Flooding, ice jams impacting residents along Cottonwood River in New Ulm
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The Cottonwood River in New Ulm continues to respond quickly to snowmelt and runoff due to recent warm temperatures, and city residents are preparing for what could happen.
Brown County has advised people to avoid walking or driving through floodwaters.
New Ulm Police Chief Dave Borchert said early Wednesday that conditions were ideal, but in a matter of just a few hours later that night it all changed.
"It’s concerning because the water is not moving," said Borchert.
For folks right along the Cottonwood River, they’re forced to take a long detour when it floods.
"This adds about five or six miles to the trip to town," said George Glotzbach, who lives along the Cottonwood River. "It’s an inconvenience."
"It’s just one of those things you have to put up with," said Donna Hoffmann, who also lives near the river.
With the Minnesota River frozen, chunks of ice are piled up, creating an ice jam and forcing the water underneath to flow through the park and across the road.
"It’s always unpredictable," Chief Borchert said. "This literally stops everything and it’s going to make the river level raise."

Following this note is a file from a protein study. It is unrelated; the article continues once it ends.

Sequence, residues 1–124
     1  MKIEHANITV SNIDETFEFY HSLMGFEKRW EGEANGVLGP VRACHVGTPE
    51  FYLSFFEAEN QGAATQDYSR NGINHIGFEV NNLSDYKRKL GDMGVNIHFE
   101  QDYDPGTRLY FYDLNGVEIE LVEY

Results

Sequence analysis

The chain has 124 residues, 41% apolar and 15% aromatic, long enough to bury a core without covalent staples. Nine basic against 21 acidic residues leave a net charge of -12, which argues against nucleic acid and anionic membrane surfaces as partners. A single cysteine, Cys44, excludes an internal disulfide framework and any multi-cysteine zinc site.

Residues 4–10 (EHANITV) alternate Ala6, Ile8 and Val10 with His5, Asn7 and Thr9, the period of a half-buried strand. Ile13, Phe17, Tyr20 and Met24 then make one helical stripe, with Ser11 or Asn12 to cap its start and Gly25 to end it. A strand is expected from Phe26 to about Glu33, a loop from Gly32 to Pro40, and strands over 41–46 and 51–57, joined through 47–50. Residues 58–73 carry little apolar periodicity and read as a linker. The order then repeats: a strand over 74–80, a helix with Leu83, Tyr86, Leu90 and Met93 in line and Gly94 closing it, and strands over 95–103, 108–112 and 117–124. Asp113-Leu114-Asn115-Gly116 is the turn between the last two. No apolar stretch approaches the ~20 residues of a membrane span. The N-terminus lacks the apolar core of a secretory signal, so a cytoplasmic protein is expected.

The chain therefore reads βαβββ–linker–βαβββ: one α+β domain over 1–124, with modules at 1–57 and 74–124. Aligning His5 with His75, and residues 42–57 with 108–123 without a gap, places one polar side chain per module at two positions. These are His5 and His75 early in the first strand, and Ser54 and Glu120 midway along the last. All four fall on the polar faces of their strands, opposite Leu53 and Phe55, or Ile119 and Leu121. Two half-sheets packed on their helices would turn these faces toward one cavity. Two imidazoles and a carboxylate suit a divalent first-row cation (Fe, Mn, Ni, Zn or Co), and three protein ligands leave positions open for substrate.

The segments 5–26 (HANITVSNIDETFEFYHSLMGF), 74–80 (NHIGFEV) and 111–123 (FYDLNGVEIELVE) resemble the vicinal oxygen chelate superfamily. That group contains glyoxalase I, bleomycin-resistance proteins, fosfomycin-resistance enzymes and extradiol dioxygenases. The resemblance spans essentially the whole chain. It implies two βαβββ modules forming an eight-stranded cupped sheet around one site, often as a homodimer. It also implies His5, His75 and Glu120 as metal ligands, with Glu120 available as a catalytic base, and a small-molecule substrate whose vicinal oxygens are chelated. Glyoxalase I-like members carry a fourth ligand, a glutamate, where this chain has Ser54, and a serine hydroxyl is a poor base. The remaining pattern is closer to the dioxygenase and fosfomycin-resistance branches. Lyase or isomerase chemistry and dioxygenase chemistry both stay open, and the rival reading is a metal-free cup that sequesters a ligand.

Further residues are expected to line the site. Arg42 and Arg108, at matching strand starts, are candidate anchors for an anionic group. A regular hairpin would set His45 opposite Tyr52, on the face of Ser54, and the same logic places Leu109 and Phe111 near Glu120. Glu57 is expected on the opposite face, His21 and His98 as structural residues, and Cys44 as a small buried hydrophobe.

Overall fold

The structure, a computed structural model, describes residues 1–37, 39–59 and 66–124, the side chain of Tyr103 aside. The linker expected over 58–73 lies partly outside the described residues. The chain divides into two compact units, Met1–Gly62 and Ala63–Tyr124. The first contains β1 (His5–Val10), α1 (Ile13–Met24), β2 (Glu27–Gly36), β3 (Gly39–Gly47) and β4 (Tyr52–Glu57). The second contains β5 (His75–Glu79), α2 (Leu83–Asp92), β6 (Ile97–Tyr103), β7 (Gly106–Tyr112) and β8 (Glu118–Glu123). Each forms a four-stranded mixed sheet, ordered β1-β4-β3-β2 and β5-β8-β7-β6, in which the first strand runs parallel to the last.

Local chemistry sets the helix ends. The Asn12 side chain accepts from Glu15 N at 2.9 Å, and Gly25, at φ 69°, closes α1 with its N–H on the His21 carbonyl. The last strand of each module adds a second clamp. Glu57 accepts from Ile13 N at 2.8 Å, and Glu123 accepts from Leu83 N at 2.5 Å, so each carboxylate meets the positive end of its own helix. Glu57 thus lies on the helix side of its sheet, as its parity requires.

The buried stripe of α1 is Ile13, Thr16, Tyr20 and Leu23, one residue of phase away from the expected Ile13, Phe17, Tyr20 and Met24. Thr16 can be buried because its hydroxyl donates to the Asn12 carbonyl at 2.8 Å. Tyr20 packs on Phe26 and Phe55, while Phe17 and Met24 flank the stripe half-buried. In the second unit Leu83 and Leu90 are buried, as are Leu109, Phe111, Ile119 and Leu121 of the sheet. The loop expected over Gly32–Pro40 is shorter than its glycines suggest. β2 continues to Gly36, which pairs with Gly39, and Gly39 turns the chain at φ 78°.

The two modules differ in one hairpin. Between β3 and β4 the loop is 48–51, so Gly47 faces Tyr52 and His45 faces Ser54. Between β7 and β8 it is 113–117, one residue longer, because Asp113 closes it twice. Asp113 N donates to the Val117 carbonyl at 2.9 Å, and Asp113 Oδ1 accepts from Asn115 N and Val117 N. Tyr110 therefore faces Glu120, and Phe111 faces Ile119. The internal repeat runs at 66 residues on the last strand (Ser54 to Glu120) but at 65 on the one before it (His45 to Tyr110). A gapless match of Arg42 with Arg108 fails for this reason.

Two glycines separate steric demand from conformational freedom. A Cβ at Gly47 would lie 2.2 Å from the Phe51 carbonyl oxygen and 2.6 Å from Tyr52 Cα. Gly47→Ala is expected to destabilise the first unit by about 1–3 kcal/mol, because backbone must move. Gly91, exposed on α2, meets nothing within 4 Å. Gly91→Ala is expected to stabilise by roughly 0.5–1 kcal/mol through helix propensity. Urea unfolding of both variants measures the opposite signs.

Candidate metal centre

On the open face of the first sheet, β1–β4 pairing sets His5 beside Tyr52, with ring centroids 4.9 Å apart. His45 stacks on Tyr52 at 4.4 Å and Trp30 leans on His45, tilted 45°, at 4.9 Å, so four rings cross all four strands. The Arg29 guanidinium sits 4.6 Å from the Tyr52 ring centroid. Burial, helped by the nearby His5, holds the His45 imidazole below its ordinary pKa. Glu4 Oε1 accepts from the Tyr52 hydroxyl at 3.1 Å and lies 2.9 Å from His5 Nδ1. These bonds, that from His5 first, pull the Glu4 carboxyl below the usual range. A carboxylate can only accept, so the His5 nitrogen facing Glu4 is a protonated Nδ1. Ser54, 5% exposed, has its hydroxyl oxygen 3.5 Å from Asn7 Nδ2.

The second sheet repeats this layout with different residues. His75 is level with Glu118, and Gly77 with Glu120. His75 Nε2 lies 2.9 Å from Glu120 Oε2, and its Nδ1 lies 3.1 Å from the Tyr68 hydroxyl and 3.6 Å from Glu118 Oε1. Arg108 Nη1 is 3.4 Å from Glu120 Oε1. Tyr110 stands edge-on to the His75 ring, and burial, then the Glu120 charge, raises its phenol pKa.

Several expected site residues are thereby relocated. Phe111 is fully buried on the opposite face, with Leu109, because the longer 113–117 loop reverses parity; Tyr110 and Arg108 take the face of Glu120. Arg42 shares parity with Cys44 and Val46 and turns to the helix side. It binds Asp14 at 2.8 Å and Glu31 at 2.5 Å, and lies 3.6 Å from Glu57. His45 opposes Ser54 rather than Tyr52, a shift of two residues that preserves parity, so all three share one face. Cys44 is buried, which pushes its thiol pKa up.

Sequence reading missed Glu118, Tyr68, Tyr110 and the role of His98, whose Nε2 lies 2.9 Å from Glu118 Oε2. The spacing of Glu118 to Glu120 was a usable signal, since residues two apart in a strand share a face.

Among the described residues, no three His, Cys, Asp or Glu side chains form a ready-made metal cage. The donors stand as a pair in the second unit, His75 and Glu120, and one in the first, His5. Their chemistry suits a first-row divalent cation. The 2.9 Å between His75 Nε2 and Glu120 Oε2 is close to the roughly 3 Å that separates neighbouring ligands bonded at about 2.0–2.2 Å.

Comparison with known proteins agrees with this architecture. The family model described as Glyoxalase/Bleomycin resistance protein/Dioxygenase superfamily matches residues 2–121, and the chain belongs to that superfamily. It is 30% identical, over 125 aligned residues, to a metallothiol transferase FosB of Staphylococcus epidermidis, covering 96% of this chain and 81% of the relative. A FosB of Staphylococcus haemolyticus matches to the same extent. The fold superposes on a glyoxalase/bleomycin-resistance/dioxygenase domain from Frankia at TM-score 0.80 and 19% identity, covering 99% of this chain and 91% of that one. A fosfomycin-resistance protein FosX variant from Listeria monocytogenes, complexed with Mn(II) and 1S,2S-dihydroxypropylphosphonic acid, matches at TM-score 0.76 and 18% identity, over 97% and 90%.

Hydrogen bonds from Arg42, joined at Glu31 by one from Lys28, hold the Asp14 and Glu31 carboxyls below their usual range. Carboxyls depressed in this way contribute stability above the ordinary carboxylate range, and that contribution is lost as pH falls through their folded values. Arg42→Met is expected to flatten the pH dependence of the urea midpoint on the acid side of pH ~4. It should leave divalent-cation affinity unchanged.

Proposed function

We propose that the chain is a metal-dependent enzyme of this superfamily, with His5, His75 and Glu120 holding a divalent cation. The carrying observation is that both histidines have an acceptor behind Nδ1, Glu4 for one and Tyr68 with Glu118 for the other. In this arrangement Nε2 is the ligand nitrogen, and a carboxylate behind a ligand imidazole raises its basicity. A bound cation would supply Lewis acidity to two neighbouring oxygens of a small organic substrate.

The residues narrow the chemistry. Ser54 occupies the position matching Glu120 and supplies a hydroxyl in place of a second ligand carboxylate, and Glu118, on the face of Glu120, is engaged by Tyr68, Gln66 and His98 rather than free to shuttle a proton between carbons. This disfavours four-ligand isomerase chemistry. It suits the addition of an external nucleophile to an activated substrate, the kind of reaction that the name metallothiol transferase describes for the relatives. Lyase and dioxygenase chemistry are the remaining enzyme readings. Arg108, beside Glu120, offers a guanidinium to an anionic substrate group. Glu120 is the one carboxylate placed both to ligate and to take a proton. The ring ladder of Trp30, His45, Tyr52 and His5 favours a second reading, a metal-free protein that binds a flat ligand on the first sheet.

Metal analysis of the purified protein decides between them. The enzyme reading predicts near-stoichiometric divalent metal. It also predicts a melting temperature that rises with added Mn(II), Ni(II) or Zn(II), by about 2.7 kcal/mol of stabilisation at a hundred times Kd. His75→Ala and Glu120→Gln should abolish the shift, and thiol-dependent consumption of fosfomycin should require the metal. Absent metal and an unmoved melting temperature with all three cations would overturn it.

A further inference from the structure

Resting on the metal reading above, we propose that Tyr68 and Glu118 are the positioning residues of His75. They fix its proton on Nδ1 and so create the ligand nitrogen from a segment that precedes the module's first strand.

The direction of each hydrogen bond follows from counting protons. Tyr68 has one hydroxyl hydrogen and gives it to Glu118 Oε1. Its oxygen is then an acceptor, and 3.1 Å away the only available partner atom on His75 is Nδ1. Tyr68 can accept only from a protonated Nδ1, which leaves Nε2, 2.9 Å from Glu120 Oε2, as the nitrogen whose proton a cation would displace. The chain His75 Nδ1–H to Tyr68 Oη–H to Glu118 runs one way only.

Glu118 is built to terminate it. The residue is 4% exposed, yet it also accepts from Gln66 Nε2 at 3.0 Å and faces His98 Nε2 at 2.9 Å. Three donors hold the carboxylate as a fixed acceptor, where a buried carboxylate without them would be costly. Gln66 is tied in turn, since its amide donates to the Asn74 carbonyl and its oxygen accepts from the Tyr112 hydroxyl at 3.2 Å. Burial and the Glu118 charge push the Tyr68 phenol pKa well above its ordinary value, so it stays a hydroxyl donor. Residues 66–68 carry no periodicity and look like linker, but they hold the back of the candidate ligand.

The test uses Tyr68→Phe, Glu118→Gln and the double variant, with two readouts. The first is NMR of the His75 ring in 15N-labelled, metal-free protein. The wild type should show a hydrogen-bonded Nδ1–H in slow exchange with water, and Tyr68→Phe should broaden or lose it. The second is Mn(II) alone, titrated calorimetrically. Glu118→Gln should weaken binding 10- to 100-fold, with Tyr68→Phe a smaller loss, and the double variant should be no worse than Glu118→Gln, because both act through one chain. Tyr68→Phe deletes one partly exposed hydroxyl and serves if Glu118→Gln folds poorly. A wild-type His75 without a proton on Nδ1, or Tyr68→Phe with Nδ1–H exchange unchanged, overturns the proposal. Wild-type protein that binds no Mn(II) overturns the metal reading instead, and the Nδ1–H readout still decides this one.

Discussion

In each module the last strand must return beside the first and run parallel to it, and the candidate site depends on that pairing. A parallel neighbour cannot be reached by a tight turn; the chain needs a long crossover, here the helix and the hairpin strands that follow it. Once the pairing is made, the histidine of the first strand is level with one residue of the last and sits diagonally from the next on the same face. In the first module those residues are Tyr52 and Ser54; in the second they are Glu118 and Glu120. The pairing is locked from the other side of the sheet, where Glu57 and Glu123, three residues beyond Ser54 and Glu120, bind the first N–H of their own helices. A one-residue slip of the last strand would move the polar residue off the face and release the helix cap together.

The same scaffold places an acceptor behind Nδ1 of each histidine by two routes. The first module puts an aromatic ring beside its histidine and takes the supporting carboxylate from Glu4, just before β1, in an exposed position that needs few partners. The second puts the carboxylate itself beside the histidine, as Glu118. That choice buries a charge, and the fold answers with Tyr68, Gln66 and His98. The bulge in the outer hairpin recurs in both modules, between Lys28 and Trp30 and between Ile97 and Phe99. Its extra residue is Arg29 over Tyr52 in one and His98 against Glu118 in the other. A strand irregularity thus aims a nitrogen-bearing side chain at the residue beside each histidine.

Borchert said flooding here is supposed to happen when water levels are high in order to save the bridge. But even he admits it’s surprising to see it so high already.
"We fear what could happen," Borchert said. "This year is a little more concerning because the river levels were historically high going into fall and of course into spring."
Borchert spent Wednesday night knocking on doors of nearby homes and warning residents of the possibility of a recommended evacuation.
"Consider having three to five days of clothing ready to go in a suitcase, ready to go in a moment’s notice," Borchert said.
"It was a little scary last night because it came all of a sudden," Hoffmann said.
With temperatures expected to climb by the weekend, officials in New Ulm are confident it’ll clear the ice jam. Despite how often the river floods, it’s something the city plans to keep a close eye on to make sure everyone stays safe and dry.